Making the case for a SADC BIG

SADC logo final hi-res-SMALLDespite high levels of mineral resources that exist in most countries within SADC, SADC states are characterised by high levels of poverty and some of the highest levels of inequality globally. It is against this background that the Studies in Poverty and Inequality Institute (SPII) initiated a campaign for the introduction of a Southern African Development Community (SADC) – wide universal cash transfer (Basic Income Grant – BIG) to be funded by a tax on extractive industries.

Africa accounts for 60% of the world’s Platinum; 40% Gold; and 90% diamonds. Furthermore, 32 of the 54 African countries have discovered oil reserves and yet it remains the world’s poorest continent, with 47% of the population living on less than $1.25 per day[1]. This makes the case for a SADC BIG more compelling if it is to be financed by such a tax on extractives considering that US$62 billion leaves the continent annually through illicit flows and price manipulation by multinationals[2]. Furthermore, the revenue stream created will counter the usual rhetoric that African countries cannot afford a social cash transfer scheme due to poor revenue reserves and lack of capacity.

Making the case for a SADC BIG is based on the principle of economic justice of broadening access to the proceeds of mining beyond the current narrow circle of national and international beneficiaries and shareholders of the mining companies, and aligned elites, to each and every resident of the SADC sub-region. Furthermore, the importance of a SADC BIG is accentuated by evidence from countries such as India and Brazil that has shown that social cash transfers have the ability to help alleviate the worst destitution currently faced by millions of poor people, and reducing the critical and unsustainable levels of inequality in a very short period of time. Furthermore, given the fact that extraction depletes the levels of natural resources, such a scheme would introduce an intergenerational justice between those who oversee the extraction and the development of future generations.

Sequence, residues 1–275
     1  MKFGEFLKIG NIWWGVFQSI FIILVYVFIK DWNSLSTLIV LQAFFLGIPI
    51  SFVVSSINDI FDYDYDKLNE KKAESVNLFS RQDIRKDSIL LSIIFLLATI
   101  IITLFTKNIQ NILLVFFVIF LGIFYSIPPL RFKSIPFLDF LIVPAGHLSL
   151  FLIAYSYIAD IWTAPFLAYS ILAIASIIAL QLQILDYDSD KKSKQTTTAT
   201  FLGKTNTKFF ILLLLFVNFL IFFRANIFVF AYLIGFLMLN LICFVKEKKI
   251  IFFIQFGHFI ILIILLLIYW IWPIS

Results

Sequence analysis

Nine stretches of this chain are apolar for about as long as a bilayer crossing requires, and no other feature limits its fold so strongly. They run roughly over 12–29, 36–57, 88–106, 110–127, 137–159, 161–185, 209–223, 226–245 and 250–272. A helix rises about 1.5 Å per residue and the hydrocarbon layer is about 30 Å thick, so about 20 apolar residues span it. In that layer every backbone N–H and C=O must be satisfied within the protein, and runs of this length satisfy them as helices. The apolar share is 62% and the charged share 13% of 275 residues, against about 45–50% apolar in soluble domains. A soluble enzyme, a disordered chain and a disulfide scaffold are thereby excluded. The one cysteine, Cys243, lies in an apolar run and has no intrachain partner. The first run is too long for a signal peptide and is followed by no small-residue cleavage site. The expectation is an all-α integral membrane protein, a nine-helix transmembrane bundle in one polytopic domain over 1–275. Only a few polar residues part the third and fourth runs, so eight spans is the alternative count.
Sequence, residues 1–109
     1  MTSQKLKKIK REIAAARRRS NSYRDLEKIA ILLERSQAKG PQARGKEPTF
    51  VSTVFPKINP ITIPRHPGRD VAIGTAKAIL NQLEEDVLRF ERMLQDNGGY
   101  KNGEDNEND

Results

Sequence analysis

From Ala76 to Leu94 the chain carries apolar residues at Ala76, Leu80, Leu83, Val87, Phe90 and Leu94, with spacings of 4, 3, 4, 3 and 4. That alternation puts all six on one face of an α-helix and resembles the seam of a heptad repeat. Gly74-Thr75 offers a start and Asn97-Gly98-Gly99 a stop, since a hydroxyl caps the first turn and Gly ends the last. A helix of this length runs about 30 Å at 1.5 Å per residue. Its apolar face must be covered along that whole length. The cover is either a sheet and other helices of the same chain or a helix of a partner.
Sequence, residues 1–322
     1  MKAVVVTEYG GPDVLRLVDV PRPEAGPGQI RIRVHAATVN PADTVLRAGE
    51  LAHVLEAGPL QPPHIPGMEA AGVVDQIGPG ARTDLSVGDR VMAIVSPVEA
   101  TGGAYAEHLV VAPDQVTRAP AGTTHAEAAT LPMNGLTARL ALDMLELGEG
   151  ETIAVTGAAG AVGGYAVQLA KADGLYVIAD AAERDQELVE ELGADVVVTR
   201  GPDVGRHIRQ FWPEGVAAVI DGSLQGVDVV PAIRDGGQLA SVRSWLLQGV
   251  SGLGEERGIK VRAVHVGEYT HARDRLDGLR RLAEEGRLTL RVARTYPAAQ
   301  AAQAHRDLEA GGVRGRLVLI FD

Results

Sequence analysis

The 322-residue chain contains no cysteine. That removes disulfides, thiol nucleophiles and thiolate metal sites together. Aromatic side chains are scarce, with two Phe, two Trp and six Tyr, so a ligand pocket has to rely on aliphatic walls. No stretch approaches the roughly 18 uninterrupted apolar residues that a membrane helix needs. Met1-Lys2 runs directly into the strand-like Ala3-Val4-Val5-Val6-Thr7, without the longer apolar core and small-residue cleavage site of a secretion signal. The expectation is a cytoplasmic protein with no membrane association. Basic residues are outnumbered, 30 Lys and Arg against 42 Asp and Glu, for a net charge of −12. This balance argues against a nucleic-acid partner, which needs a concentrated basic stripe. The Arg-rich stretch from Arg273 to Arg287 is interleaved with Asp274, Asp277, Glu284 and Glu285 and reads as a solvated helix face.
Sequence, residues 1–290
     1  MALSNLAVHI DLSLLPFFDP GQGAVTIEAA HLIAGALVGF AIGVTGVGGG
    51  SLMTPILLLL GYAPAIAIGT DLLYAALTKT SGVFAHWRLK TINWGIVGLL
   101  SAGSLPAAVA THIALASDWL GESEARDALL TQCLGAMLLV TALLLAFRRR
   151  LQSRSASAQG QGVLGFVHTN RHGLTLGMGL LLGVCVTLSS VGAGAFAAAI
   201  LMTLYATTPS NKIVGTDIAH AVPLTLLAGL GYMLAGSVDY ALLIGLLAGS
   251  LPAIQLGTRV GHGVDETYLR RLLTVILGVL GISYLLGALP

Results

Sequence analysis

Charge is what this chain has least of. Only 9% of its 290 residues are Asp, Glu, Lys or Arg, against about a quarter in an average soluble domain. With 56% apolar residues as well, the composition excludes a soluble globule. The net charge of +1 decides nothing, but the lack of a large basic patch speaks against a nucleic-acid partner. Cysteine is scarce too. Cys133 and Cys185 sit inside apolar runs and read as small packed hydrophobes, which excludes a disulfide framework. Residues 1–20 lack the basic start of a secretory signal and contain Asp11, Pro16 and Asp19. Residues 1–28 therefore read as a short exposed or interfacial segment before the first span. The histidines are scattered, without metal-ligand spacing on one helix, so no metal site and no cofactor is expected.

A universal scheme (payable to everybody in SADC, but recaptured from wealthier people through national tax systems) would ensure transparency and a greater even -handedness on the distribution of resources, reducing the risk of capture by politicians to win political support for their own gain. It would promote solidarity, and contribute to the regional integration and movement of people, and of social and economic policies as is provided for in SADC Treaties and Protocols. For such a scheme to work there is need for political will, a transparent accounting system of concessions and agreements concluded in the extractives sector. As former South Africa President Nelson Mandela noted, “Overcoming poverty is not a gesture of charity. It is an act of justice. It is the protection of a fundamental human right, the right to dignity and a decent life. While poverty persists, there is no true freedom. The steps that are needed from the developed nations are clear.”

In its on-going efforts, SPII has established a network of organisations that share a collective commitment to pursuing economic justice and the realization of human rights in the sub-region. Currently SPII co-ordinates a network of over 50 partner organisations from 12 SADC member countries covering issues around tax justice, extractive sector, social protection, cross-border migration and food security. To join this campaign, please CLICK HERE.